As electric vehicles are becoming more prominent and the phase-out of gas-powered cars continues, automakers are working to develop ways to advance eco-friendly technologies and make the transition to EVs a success. Solar power has been an intriguing concept for several generations now. Still, automakers, including the following, are just now beginning to ramp up research and development to see if solar-powered cars are our future vehicles.
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1. Fisker Ocean
EV maker Fisker is going big – literally – and is aiming to put the “world’s largest solar roof on an electric vehicle,” according to CEO Henrik Fisker. The Fisker Ocean is set to be available in an “Extreme” model, which will start just below $70,000. The vehicle comes with Fisker’s SolarSky technology, which includes a solar-paneled roof that can be rolled back like a traditional sunroof on convertibles.
Fisker says its Ocean Extreme vehicle can generate “beyond 2,000 miles” of range each year under “ideal conditions.” The car comes with Smart Traction, which makes it easier to manage harsh weather conditions, and the automaker indicates the Ocean SUV “performs more like a sports car,” so it can also handle sharp turns.
2. Aptera Sol
After Aptera failed to live up to its original hype in the EV world and eventually went through liquidation in 2011, it is now making a comeback with its “Sol” model. The automaker used crowdfunding to get over $40 million to design the new vehicle, which features two front wheels and one rear wheel. The company compares the car to a “small, speedy aircraft,” which is classified as an autocycle, allowing it to bypass many of the standard safety requirements for an EV.
Consumers looking for a solar-powered car with an extended range would appreciate Sol’s impressive 1,000 miles per charge when utilizing the largest battery pack available. Aptera says the solar cells installed on the vehicle can use the sun to gain around 40 miles of range throughout a full day, and the Sol reportedly weighs over 60% less than EVs available today. Despite the lightweight build and aerodynamic technology, Aptera says the Sol is made with “a safety cell that is much stronger than steel.”
Consumers can reserve an Aptera vehicle with a $100 deposit, and the overall price of the car varies between $25,900 and $50,700.
Lightyear is hugely optimistic about solar energy when advertising its first vehicle, stating that owners can “drive for months without charging.” The automaker says its new car, commonly called Lightyear 0, can get over 600 miles on one charge and gain over 40 miles of range per day just by sitting in the sun. The vehicle, which houses a 60-kWh battery, can also be charged through a regular socket at home.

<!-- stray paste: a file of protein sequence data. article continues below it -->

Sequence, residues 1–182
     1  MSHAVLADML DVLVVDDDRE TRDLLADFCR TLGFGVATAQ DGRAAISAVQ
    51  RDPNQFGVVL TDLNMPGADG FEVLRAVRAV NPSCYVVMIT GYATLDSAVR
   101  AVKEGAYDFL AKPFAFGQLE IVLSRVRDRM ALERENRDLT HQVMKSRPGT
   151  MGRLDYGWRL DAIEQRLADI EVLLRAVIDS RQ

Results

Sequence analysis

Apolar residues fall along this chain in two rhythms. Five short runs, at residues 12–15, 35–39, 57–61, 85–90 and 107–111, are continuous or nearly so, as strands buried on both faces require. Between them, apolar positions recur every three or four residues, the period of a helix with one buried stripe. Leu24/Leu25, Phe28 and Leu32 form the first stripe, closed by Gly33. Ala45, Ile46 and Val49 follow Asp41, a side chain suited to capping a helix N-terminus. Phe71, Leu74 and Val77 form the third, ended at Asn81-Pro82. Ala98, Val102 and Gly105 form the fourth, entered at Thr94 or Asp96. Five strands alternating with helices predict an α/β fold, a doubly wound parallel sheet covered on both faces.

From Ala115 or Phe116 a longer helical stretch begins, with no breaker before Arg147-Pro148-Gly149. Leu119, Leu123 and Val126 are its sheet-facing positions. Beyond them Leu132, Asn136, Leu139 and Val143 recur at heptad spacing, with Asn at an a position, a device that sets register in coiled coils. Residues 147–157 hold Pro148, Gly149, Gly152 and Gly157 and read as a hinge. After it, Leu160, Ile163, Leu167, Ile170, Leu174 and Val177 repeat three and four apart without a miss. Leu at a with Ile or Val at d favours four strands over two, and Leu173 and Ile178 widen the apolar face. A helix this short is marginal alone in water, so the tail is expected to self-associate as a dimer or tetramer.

One of the most intriguing concepts of the Lightyear 0’s build is the cameras on the sides that replace traditional side view mirrors. The motors are hidden within the wheels, and the top of the vehicle has a combined 54 square feet of powerful solar cells. Solar enthusiasts looking for a car with quick pickup will want to steer clear of the Lightyear 0, however, as it takes 10 seconds to get from 0-60. The Lightyear 0 is available for ordering and starts at €250.000 (approximately $265,000).
The biggest name in the U.S. EV industry, Tesla, is also experimenting with solar power. At the IdeenExpo in Hanover this year, the company released its concept of a so-called “solar range extender trailer,” which would provide up to 3 kWh to a vehicle per day (up to 50 miles of range) when fully extended. If folded up, the trailer would still generate up to 1 kWh of energy per day.
The trailers are equipped with Tesla’s Starlink technology, which aims to provide Internet access to vehicles. They would be towed behind Tesla vehicles, providing solar power and high-speed Internet to them. The trailer is just an idea for now, and a possible price has not been announced.
Sono Motors’ Sion EV is a hybrid vehicle that features 248 solar cells and can get an average additional range of 21 miles per day by utilizing solar charging. Charging can also be completed through a traditional charger, and the automaker says it can reach 85% in just 35 minutes. Sono Motors uses 100% renewable resources throughout the manufacturing process, and the automaker says repairs are affordable, as many of them can be completed by anyone, including people who have little automotive knowledge.
Another feature Sono Motors prides itself on regarding the Sion is that it offers bi-directional charging, meaning electricity can be provided to a home if necessary. The wallbox reportedly stores around ten times the energy of a traditional home storage system and can power a home for up to five days. The car can also be used without a key – all that is required is a smartphone. The price of a Sion starts at around $29,000.
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